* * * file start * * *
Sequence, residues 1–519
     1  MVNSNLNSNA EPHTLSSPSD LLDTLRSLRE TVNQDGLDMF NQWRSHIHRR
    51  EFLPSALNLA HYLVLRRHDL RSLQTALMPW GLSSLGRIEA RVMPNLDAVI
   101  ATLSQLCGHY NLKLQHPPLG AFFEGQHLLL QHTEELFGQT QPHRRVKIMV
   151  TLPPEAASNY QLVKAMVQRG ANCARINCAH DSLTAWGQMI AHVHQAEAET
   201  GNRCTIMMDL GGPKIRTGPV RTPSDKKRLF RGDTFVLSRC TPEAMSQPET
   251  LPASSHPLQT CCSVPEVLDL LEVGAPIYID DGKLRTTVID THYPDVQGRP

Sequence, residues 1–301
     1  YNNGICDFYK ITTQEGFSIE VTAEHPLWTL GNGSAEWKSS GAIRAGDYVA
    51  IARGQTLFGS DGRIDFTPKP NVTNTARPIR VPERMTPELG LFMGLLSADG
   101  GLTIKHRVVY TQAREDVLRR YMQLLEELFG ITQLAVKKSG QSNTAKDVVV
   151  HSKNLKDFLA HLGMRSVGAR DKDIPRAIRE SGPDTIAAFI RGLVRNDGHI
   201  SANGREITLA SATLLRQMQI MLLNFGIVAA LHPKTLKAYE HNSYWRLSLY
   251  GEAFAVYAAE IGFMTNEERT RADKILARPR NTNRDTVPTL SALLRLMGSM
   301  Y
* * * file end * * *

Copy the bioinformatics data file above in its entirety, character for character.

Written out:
Sequence, residues 1–519
     1  MVNSNLNSNA EPHTLSSPSD LLDTLRSLRE TVNQDGLDMF NQWRSHIHRR
    51  EFLPSALNLA HYLVLRRHDL RSLQTALMPW GLSSLGRIEA RVMPNLDAVI
   101  ATLSQLCGHY NLKLQHPPLG AFFEGQHLLL QHTEELFGQT QPHRRVKIMV
   151  TLPPEAASNY QLVKAMVQRG ANCARINCAH DSLTAWGQMI AHVHQAEAET
   201  GNRCTIMMDL GGPKIRTGPV RTPSDKKRLF RGDTFVLSRC TPEAMSQPET
   251  LPASSHPLQT CCSVPEVLDL LEVGAPIYID DGKLRTTVID THYPDVQGRP

Sequence, residues 1–301
     1  YNNGICDFYK ITTQEGFSIE VTAEHPLWTL GNGSAEWKSS GAIRAGDYVA
    51  IARGQTLFGS DGRIDFTPKP NVTNTARPIR VPERMTPELG LFMGLLSADG
   101  GLTIKHRVVY TQAREDVLRR YMQLLEELFG ITQLAVKKSG QSNTAKDVVV
   151  HSKNLKDFLA HLGMRSVGAR DKDIPRAIRE SGPDTIAAFI RGLVRNDGHI
   201  SANGREITLA SATLLRQMQI MLLNFGIVAA LHPKTLKAYE HNSYWRLSLY
   251  GEAFAVYAAE IGFMTNEERT RADKILARPR NTNRDTVPTL SALLRLMGSM
   301  Y